Read Fiction to Learn How Customers Think

Anneli Knight
Smarter Writer

Anneli Knight is a journalist, writer and academic with a background in law and finance. She lives in Byron Bay

Anneli Knight
Smarter Writer

Anneli Knight is a journalist, writer and academic with a background in law and finance. She lives in Byron Bay

If you want to understand your customers, pick up a good book and get lost in its characters. Discover what prolific writer and psychologist Hugh Mackay thinks about the insights gained from reading.

Acclaimed psychologist, social researcher and author of both fiction and non-fiction, Hugh Mackay urges people to read novels because he believes this is how you learn how people really think. Hugh’s two latest books are: The Art of Belonging, based on his social research around community and living well, and his novel Infidelity, exploring the complexities and undercurrents of relationships. And Hugh says you’ll learn at least at much about human nature reading his novel as you will in the pages of his detailed social research.

“The truth about people's lives is located in the messy miniatures of their personal stories and that's why I also like to write novels,” says Hugh.

“Though utterly fictitious, they may well come even closer than my social research to telling the truth about what makes us tick.”

Understanding how your customers tick is essential for business success, and finding the answer to that question can run to the deepest levels.

Books from above

Listen to your customers

Listening to customers is important, but there’s much more you need to do.

“To understand our customers we do need to listen to them, and through qualitative research we can explore their hopes and aspirations and fears, their satisfactions and dissatisfactions,” says Hugh.

You can listen to customers by asking questions: How was the service? Would you recommend us? Will you come back? But none of the answers will explain the full story.

“You need not just research but a broader understanding of the stories of people’s lives, the mistakes they make, and what they dream. Having a background and deeper understanding of what people are like enriches the research,” Hugh says.

“And the best place to find that is in fiction. Good fiction – powerful, evocative fiction – uncovers a particular variety of truth that somehow slips past the filters of conscious or rational thought.”

Fiction shows you diverse personalities

Good fiction gives you unique access to the interior life and worldview of a person, the character, who is completely different from you or people you are likely to meet.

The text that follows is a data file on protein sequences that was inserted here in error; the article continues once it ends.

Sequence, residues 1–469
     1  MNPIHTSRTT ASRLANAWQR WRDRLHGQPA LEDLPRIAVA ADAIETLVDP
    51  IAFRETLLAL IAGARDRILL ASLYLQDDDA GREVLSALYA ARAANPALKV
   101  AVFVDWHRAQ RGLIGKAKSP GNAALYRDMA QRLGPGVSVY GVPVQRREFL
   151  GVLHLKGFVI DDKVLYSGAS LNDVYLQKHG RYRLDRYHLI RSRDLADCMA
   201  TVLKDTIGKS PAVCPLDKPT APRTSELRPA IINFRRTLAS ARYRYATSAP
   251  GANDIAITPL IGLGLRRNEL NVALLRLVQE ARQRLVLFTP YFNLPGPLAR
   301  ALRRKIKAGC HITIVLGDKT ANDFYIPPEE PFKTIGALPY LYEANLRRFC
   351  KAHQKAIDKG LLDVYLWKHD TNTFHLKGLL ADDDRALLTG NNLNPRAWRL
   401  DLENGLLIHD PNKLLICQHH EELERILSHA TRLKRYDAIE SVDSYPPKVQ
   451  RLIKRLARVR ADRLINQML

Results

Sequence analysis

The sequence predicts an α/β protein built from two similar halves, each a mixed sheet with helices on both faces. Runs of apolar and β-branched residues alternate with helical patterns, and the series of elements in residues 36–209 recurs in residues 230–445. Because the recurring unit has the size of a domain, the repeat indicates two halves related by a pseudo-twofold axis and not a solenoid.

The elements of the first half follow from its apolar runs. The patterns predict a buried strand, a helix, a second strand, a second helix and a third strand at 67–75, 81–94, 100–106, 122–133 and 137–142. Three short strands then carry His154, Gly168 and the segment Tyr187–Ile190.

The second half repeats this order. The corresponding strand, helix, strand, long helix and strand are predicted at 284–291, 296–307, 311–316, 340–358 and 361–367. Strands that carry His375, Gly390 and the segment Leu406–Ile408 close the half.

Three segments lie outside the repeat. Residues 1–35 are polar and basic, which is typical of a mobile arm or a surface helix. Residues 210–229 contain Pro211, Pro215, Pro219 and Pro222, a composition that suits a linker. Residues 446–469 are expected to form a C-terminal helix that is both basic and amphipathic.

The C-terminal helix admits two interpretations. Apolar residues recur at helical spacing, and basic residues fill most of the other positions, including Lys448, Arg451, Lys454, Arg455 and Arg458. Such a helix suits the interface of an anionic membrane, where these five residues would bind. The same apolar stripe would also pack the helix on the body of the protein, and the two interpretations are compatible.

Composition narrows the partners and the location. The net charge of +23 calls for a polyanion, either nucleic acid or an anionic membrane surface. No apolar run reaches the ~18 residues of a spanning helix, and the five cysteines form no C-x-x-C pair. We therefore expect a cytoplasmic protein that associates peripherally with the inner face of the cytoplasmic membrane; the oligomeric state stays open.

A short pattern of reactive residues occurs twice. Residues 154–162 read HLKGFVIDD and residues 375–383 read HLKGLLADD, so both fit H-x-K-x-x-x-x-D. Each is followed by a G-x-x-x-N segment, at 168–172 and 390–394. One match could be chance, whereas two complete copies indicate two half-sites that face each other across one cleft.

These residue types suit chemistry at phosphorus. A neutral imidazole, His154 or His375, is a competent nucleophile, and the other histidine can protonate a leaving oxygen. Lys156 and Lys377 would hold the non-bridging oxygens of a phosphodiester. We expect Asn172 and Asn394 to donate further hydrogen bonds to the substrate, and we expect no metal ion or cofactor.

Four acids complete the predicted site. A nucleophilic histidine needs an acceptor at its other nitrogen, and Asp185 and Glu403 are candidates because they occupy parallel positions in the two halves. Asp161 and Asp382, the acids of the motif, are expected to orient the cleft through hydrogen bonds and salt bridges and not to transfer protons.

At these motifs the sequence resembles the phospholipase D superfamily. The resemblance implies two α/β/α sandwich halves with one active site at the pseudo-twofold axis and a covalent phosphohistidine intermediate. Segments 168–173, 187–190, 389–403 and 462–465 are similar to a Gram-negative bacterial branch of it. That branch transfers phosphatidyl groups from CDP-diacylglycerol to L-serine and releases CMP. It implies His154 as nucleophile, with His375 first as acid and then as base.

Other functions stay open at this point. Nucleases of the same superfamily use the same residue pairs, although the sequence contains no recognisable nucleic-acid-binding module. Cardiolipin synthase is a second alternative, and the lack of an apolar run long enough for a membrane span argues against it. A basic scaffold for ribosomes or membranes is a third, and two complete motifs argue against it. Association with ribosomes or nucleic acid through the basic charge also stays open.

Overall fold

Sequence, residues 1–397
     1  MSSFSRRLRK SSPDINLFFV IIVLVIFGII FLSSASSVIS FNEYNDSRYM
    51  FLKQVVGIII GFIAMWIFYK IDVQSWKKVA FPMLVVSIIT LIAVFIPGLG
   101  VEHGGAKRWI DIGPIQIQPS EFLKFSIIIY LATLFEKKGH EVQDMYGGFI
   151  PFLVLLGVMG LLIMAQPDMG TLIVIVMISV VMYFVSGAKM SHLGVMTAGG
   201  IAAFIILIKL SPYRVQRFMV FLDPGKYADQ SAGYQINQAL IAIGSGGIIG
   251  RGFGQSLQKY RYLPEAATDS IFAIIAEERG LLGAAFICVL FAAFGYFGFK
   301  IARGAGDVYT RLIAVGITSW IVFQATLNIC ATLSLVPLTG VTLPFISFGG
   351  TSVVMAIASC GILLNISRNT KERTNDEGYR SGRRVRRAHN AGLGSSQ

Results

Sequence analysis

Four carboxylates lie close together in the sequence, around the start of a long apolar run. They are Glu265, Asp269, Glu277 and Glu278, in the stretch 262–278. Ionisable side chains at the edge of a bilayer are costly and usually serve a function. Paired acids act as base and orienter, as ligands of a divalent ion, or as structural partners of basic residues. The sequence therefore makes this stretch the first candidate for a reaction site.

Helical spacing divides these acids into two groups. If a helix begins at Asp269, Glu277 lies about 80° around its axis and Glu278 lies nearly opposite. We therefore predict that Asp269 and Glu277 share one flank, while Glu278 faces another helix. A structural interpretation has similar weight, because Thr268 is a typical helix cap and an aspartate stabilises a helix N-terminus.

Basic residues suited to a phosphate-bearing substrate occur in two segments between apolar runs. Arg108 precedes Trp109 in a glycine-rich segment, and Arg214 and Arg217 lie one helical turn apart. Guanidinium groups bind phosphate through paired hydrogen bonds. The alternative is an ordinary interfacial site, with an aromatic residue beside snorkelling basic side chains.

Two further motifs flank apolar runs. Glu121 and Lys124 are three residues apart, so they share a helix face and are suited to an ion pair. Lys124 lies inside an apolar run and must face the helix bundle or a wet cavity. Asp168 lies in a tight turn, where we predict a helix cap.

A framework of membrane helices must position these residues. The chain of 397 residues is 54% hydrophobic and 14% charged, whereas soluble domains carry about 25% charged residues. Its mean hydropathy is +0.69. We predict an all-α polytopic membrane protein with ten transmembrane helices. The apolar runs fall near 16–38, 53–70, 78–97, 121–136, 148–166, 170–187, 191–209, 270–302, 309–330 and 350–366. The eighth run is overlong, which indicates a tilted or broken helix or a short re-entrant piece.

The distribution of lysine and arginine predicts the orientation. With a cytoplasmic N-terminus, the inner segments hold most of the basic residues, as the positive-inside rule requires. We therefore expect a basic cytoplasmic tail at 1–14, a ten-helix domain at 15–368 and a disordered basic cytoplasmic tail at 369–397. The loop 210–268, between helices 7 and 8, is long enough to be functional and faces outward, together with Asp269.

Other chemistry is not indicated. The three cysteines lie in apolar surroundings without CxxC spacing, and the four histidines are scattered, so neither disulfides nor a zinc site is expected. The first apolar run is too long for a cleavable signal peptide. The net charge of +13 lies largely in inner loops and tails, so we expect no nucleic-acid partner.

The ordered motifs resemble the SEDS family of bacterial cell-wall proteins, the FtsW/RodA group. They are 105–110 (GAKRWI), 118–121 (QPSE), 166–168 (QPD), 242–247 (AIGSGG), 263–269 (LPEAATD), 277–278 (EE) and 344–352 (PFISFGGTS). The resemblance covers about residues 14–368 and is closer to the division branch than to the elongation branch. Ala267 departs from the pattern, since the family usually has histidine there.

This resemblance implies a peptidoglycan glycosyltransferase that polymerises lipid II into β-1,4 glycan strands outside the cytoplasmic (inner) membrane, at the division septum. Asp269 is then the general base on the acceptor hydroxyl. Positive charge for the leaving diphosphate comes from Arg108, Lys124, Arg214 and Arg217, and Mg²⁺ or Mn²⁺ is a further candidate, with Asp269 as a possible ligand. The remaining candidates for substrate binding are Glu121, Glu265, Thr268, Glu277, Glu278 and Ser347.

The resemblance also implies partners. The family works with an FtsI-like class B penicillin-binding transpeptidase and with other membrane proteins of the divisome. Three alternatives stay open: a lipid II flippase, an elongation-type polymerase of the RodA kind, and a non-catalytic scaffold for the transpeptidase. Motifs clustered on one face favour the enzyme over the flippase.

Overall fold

“The most convincing characters in any work of literary fiction will be facets of the author’s own personality. The very process that gives fiction its authenticity demands that bits of the author’s psyche that come out of hiding to express themselves through impersonation,” he says.

Reading fiction can help you understand people’s contradictions, their dilemmas, why they might sometimes do the opposite of what they say they will do. 

Understand your customers from the inside-out

When people say they don’t bother reading fiction because it’s all made up, they are missing the essence of what fiction is about. Because fiction explores the inner life of characters, it offers a chance to come closer to understand what your customers are thinking.

“Fiction is closer to reality than autobiography or historical texts. You can have the most vivid descriptions of 18th century London, or whatever it is, but it’s not until you move into fiction that the material springs directly from the imagination and comes closer to the reality of the human condition,” says Hugh.

And ultimately, this is what meeting the needs of your customers is all about.

Non-fiction books look at a subject from the outside, in an analytical and objective way, Hugh says, whereas fiction explores human experience from the inside-out, offering new possibilities and insights for understanding people.

“Many of us intuitively attach more significance to the subjective truth, the interior truth, the truth as we see it from our own point of view. That kind of truth touches nerves in us,” says Hugh.

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